A digital transformation is the perfect inflection point

A digital transformation is the perfect inflection point

A digital transformation can create an inflection point to make critical changes that impact strategy and help the business stay competitive. Startups are known for their agile decision-making, rapid prototyping, and flat structures, which enable them to pivot quickly and exploit an opportunity or a challenge. Startups can use the latest technologies and design processes that fit the moment. But companies that have been around for a while often have to deal with the technical baggage of their old systems and processes, making it hard to adapt to a changing environment. 

The digital transformation uses technology to create new business processes or change existing ones. Even though these changes may seem minor or tactical, they can affect strategy, change a company’s culture, improve the customer experience, and speed up the time it takes to respond to the market. 

The challenge for a company considering digital transformation is the inherent uncertainty of change. It’s essential to embrace change; change is good, and it’s better to affect change before it’s forced upon you. But it is common to find managers and teams fighting against change. A digital transformation can create the momentum necessary to execute the complex changes experienced when introducing new processes, workflows, and systems. If done right, digital transformation will keep a business competitive and gain the entire company’s support. The digital transformation starts with an assessment of the business. Caution, the exercise required to execute digital transformation will expose every aspect of departments, processes, and roles across the entire organization – the good, the bad, and the ugly. This exposure will cause the team to experience FUD (fear, uncertainty, and doubt). Once started, it may be difficult not to take action.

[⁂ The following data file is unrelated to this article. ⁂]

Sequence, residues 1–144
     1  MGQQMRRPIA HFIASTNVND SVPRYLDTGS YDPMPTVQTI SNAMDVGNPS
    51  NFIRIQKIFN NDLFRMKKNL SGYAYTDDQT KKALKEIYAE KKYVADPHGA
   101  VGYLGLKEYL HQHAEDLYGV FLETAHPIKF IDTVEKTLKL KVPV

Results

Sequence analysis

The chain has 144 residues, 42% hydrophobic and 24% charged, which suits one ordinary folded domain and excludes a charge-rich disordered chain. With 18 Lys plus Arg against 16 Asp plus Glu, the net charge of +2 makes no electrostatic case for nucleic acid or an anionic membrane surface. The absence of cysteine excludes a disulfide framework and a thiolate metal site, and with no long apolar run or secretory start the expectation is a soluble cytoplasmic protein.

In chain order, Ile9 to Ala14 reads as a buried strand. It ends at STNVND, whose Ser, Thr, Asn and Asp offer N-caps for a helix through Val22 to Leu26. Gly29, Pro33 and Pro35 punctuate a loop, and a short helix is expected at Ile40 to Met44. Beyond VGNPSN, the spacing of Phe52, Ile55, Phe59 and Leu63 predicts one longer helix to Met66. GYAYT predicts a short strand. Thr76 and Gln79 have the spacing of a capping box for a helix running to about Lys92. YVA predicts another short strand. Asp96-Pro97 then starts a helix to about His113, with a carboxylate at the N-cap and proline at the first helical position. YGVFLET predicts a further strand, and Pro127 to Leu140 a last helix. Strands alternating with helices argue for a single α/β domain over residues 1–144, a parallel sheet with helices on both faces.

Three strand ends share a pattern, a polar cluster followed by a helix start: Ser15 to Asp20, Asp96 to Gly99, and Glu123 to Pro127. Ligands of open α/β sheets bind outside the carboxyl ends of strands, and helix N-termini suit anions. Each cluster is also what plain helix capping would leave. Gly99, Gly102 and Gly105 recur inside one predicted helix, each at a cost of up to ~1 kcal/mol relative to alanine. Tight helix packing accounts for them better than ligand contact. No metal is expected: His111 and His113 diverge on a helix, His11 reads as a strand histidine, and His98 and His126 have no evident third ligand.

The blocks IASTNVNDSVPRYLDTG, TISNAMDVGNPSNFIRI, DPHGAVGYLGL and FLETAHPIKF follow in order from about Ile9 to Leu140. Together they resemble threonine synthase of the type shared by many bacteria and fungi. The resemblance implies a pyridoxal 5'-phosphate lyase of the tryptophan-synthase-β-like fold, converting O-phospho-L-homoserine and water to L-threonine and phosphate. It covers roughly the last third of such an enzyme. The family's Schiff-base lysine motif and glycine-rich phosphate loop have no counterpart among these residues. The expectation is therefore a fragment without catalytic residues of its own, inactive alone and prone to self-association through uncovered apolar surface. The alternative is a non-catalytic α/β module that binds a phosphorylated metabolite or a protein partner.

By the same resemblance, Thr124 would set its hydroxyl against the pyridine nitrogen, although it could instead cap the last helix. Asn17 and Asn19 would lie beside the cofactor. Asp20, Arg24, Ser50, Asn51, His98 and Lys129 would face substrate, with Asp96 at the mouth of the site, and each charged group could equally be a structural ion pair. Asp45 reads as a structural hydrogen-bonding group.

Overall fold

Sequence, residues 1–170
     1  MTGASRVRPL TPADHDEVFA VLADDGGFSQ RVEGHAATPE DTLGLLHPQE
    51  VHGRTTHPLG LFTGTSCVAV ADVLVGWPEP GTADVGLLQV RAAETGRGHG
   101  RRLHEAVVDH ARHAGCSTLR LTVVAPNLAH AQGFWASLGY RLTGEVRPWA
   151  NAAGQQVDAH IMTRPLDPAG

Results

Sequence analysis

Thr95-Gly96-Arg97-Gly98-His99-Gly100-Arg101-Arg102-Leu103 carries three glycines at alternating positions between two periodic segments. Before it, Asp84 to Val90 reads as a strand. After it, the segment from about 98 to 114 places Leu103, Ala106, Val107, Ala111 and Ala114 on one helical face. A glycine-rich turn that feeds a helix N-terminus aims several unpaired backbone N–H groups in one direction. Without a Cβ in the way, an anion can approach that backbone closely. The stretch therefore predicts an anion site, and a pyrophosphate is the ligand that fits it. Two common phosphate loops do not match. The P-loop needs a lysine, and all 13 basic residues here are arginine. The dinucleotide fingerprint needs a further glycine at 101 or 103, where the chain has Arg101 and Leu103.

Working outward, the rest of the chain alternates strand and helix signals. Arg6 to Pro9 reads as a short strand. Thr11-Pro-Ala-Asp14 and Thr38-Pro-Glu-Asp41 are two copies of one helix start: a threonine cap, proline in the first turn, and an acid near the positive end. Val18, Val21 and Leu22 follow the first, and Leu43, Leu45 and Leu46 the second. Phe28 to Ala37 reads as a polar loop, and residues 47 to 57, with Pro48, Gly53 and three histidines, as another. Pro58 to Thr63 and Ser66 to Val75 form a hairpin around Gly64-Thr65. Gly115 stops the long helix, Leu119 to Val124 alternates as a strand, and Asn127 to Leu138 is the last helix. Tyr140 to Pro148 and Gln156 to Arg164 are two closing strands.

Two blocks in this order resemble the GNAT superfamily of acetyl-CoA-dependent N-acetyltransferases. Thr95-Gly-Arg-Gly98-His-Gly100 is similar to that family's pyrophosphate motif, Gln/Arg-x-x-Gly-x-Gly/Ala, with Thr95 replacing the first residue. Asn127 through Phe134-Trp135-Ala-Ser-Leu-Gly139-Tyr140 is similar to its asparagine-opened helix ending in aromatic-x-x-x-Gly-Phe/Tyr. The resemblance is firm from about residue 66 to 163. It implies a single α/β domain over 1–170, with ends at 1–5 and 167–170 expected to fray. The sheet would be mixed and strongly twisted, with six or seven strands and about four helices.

To execute a successful transformation:

Communicate: share the goals with the company, and make sure everyone is in the loop.  

Participation: Include the teams in the planning, their input during the planning will make the execution easier. The customer-facing teams usually know what areas to improve. 

Stay agile: make changes provisionally and then adjust; decisions must be made quickly, tested, and measured.

Get flat: traditional hierarchies get in the way. It’s best to adopt a flat organizational structure for faster decision-making; if it’s a department, it may be necessary to keep it separate from the rest of the organization. Then bring the rest of the company in as the project permits.

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